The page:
I also want to speak about the impact on public infrastructure and the cost to local government. On the black soil plains of the Gwydir, Moree and Narrabri shires, the great irony is that the most highly productive land generally has the worst roads. The most highly productive land is on the black soil, which is notoriously difficult and expensive to build roads on. There is generally a shortage of suitable gravel and road-building materials, and they are very susceptible to deterioration in wet weather.

Councils across my electorate have losses in the tens of millions of dollars. The obvious one in the Gwydir shire is the Gwydir River bridge at Gravesend, which I think will take months to repair. A lot of causeways have been washed away. A lot of gravel has been washed off roads. At Christmas-time after the first flood went through, I was in discussion with the state Minister for Roads and Ports, the Hon. Duncan Gay, and the Mayor of Moree Plains Shire Council, Katrina Humphries, and we felt that rather than flood payments to councils after disasters to repair infrastructure to pre-flood levels there is a good argument to be made to engineer the repairs so that they will cover the next flood. We are now seeing roads that have been repaired being washed away with the next flood. It would better value for the Australian taxpayer to put more money in now to repair them and not have to come back and do it again after the next flood.

The other issue is the difficulty that producers are having getting their produce off their farms. We had a fairly large harvest, though some of it was downgraded due to the November rain. At the moment, we have huge tonnages of grain on farm. Many of these farmers have contractual agreements with flour millers, feedlots and users on the coast to deliver this grain in a timely manner, and it cannot be shifted because the road is impassable. They are in a real financial bind. Some of them are having trouble with contracts. Some of them have payments to make to finance companies. They were expecting to have money come in and they cannot ship the grain. That is causing real hardship.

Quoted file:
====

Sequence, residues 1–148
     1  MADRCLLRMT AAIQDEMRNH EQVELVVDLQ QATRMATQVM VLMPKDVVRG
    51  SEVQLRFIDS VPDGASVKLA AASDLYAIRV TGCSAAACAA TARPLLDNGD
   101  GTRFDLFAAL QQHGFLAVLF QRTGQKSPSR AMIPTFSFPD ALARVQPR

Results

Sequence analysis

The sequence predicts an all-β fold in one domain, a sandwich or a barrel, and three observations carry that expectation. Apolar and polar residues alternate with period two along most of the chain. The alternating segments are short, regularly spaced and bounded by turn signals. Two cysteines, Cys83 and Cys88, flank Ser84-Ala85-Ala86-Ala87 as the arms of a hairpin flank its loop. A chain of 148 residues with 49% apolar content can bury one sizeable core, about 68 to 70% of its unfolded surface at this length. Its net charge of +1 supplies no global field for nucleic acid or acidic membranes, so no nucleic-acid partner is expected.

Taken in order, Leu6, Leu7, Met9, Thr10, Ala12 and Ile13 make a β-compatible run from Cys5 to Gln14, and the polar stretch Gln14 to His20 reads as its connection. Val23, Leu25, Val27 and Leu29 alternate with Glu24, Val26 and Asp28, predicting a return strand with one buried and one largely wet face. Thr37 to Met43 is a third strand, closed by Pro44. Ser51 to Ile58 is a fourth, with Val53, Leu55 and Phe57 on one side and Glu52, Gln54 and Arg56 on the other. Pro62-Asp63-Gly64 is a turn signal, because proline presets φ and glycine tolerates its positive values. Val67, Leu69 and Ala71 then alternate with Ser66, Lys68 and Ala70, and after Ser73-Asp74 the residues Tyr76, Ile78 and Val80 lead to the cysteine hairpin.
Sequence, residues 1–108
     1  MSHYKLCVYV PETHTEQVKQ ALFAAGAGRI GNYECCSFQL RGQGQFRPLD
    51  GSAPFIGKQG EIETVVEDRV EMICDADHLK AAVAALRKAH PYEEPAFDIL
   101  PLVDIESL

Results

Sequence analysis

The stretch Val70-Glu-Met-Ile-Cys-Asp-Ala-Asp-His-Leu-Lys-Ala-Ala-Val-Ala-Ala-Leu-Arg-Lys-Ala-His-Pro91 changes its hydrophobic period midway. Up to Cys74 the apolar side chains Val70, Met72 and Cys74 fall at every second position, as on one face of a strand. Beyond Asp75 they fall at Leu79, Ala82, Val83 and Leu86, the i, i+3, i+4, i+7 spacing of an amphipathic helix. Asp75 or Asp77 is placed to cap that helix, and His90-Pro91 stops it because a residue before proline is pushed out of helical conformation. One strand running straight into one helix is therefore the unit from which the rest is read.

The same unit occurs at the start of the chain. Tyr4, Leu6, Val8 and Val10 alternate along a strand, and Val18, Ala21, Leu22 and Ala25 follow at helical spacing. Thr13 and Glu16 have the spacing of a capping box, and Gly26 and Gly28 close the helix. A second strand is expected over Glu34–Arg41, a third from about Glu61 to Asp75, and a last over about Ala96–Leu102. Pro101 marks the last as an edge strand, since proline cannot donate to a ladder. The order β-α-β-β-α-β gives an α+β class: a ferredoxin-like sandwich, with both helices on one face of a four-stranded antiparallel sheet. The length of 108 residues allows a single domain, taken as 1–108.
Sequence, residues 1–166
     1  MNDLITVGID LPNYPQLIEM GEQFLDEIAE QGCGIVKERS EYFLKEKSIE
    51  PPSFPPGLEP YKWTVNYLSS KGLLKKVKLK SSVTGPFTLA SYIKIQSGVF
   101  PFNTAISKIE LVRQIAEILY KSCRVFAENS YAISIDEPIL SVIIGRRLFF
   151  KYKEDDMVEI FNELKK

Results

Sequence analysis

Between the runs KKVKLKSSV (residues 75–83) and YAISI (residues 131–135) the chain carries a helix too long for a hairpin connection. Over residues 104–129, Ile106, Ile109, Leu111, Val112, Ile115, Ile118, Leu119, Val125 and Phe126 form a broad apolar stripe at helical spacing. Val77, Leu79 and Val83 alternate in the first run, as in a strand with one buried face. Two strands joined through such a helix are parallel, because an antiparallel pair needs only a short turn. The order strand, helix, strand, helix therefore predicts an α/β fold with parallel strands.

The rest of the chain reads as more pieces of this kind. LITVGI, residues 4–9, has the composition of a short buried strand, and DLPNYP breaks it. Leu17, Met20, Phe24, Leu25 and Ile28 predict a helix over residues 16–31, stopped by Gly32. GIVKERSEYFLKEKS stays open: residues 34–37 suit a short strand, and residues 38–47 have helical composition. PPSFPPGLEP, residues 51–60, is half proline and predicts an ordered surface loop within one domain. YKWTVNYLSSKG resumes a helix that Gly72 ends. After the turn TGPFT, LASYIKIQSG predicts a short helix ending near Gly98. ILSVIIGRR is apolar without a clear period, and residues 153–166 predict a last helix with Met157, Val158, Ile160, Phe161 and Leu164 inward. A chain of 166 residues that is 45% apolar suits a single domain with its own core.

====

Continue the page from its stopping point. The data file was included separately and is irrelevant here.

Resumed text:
In closing, I will give a plug for the work that is being done by the Australian Rural Roads Group, who are identifying the importance of the first few miles for a product. Every item on supermarket shelves starts its life on a country road. If it cannot do the first 10 kilometres, it cannot do the last 100 or 1,000 kilometres. In this country, we need to seriously look at bringing these roads up to a condition that will handle a flood situation like this.

I have welcomed the opportunity to talk about the severity of the floods in the Parkes electorate. I would like to close by acknowledging the great work being done by my communities and by the volunteers who have come from all over New South Wales to help. I want to let those people know that this parliament is still thinking about them and to acknowledge that their hardship will be going on for some time yet.